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there is no record of its having existed very long in Pennsylvania, and in the meantime the Cana' dian branch carried on very successfully among the Freemasons in that part of North America. We have seen the official copies of the charters issued by the Canadian branch which was known as the Societas Rosicruciana in Canadiensis. These charters were preserved in the House of the Temple of the Southern jurisdiction of the Scottish Rite of Freemasonry in Washington, D. C. They were issued by the Canadian branch of the S. R. I. A. to Brother Albert Pike and several others of the American Freemasonic organization, particu' larly because Albert Pike, the honored and re' spected writer of American Freemasonry, was a very thorough Rosicrucian student. The charter grants to Brother Albert Pike and others the privi' lege of establishing a Southern College of the S. R. I. A. in the United States, and is worded as though the Canadian branch was unaware that a similar warrant for an American branch had been issued previously to the Freemasons in Pennsyl' vania. However, a controversy arose over the es' tablishment of a second North American branch,
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and thereby hangs a very interesting story. It must be borne in mind that these S. R. I. A. branches were not operating as a part of the ancient Rosi' crucian Order, and by their own admission did not have the Rosicrucian rituals and teachings nor any warrant, charter, patent, or authority from the Rosicrucian Order of Europe and other lands. American Rosicrucian students were well aware of the fact that the Rosicrucian Order of Europe had previously authorized the establishment of true Rosicrucianism in America in the years 1692 and 1693, and there were many living descendants of those first official Rosicrucians who objected to the establishment of Rosicrucianism in America in connection with any other organization and with' out warrant or proper rituals. But nothing was done to prevent the S. R. I. A. of England in maintaining a branch of its English work in America, especially in connection with Freemasonry, since it was recognized that the Masonic Rosicni' cian society thus being established in America would cooperate with the desires of many of the Masons in giving them that additional light or knowledge along certain arcane lines which they

HISTORY OF THE ORDER


desired, and which was highly praiseworthy. This did not in any way infringe the rights of the Rosicrucian Order. In fact, there was no conflict or discussion in that one regard, because the S. R. I. A. did not claim to have the genuine Rosicrucian teachings or ritual, and was, therefore, entitled to establish a branch of its English body in America. But the controversy referred to started between the various officials and members of the S. R. I. A. and gradually involved the interest of all Rosicrucians; because the argument in regard to two establishments of S. R. I. A. under two dif ferent warrants was bringing the subject of Rosicrucianism and the Rosicrucian activities into un favorable light among those who did not under stand the situation. It appears that the gentlemen who were granted the privilege by the Canadian branch to operate in the United States finally with held any action on their part, while the Brother who held the charter direct from England for the State of Pennsylvania, proceeded to organize a branch, and some spasmodic meetings of this branch were held without attempting to practice the Rosicrucian rituals or introduce the true Rosi-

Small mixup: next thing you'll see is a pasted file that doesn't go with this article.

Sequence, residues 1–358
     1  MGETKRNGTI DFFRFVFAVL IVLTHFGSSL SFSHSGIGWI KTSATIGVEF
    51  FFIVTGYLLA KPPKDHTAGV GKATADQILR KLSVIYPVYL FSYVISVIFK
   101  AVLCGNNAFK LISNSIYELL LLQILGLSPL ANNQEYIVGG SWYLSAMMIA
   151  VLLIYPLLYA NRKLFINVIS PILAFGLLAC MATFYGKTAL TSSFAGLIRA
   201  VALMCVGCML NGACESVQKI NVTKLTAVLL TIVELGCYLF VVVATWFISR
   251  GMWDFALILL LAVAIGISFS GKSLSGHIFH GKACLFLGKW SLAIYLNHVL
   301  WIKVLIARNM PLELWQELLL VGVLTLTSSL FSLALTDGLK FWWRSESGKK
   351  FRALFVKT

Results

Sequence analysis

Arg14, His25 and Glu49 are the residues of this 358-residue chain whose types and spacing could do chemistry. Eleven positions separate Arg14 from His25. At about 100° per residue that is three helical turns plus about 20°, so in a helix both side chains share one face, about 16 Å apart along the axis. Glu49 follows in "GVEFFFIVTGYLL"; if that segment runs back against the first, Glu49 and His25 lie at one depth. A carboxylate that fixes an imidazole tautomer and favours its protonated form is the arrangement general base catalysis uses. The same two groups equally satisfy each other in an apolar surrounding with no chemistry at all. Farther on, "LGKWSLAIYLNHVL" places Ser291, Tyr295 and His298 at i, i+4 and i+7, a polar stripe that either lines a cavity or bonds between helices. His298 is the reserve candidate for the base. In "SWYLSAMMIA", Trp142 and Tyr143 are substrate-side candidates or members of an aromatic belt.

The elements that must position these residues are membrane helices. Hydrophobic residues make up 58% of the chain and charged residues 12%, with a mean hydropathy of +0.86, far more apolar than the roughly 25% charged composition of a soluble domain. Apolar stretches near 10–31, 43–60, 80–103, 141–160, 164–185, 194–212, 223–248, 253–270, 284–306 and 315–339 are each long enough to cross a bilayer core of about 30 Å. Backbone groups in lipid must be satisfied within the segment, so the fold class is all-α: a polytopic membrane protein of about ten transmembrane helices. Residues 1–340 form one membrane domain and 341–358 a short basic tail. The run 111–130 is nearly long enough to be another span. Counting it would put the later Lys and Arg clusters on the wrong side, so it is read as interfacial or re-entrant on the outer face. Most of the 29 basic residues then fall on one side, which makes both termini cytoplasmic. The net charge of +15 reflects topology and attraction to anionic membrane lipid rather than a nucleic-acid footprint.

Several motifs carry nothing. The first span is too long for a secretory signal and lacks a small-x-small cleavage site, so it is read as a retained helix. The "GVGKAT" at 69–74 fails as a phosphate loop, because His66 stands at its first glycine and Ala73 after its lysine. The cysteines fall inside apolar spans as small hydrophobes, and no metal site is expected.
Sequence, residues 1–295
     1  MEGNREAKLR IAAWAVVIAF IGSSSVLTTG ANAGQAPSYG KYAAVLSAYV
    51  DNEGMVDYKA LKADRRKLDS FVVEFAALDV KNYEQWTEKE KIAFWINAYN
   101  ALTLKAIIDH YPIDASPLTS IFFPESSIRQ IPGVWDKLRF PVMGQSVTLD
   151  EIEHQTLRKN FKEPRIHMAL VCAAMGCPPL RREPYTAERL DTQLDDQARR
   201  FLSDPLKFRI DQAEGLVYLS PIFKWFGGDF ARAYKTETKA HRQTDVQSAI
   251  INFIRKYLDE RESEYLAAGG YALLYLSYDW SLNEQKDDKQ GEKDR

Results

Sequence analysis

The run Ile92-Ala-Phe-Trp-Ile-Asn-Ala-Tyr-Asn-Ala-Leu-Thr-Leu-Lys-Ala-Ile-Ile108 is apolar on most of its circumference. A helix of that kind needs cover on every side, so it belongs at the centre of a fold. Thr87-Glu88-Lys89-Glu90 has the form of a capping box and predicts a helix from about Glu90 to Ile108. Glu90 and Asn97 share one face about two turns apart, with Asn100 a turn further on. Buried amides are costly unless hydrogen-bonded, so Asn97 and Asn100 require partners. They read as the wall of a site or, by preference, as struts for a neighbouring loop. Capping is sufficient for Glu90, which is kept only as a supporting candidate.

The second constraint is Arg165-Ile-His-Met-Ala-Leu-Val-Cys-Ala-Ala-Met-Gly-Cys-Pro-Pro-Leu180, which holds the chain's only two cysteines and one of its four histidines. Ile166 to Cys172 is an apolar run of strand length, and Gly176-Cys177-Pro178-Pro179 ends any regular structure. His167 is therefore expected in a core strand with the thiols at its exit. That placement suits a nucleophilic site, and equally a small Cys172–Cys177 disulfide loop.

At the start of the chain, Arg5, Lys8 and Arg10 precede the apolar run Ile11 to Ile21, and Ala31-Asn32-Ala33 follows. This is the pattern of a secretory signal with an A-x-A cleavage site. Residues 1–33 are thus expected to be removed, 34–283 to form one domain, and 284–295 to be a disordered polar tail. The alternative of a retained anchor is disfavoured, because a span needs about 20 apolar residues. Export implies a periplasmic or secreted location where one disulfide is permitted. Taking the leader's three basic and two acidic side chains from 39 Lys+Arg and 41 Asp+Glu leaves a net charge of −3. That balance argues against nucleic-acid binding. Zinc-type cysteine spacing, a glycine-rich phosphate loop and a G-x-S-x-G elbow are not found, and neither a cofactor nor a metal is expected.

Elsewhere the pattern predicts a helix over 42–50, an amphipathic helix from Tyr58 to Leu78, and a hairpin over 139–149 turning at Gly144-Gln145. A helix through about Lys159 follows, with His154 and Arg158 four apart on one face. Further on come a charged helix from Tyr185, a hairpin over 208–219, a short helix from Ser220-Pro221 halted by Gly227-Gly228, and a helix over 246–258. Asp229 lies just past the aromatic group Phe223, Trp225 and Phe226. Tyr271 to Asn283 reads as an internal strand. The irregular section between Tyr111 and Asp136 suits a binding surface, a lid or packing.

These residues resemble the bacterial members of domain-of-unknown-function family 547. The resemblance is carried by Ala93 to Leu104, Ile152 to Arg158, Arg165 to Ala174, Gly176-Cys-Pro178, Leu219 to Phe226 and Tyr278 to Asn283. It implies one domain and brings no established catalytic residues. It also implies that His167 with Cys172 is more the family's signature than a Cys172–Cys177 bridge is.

HISTORY OF THE ORDER


crucian teachings. This was the situation existing in the United States when a third effort was made to establish the S. R. I. A. in America, and the third effort proved more successful, as we shall see from the following facts: A number of Freemasons in America were ad' mitted into the S. R. I. A. of England in its branch known as the Yor\ College. They petitioned the English headquarters for permission to continue the work in America under the charter that had been granted for Pennsylvania. They established a branch at Philadelphia and another in New York City in 1880. Eventually these two American branches established a High Council of the society for the United States. This Council then chartered branches in Boston and Baltimore, in the spring of 1880, and another one in Vermont. Practically every officer connected with these establishments was a Freemason, and we must quote here the words of Dr. Wescott, the Supreme Magus of the English headquarters of the organization, who said in an address: I have been asked to speak on the Rosicrucians because I have the pleasure to hold a high office in the Rosicrucian Society of England,
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so might reasonably be supposed to have studied the history of the Order. But to avoid misconcep tion, I wish to say that the S. R. I. A . is a Masonic bodyit is composed of Freemasons who have associated themselves in order to study the old Rosicrucian books in the light of history, and to trace the connection between Rosicrucianism and the origins of Freemasonry, the connection which has been alleged to exist by many historians be' longing to the outer world. This statement by Dr. Wescott is taken from biographical sketches in the official literature of the S. R. I. A. In September of 1889, after nine years of opera' tion as a literary society with banquets, the new branches of the S. R. I. A. in America decided to reform and reorganized their body with the dis' tinctive title Societatis Rosicrucianae in the United States of America, (S. R. I. U. S. and not S. R. I. A .). Under this new form of name and constitution, the various branches accom' plished very little, and the New York and Balti' more sections seemed to pass out of existence. One of the prominent characters initiated into the S. R. I. U. S. in Boston was Sylvester Clark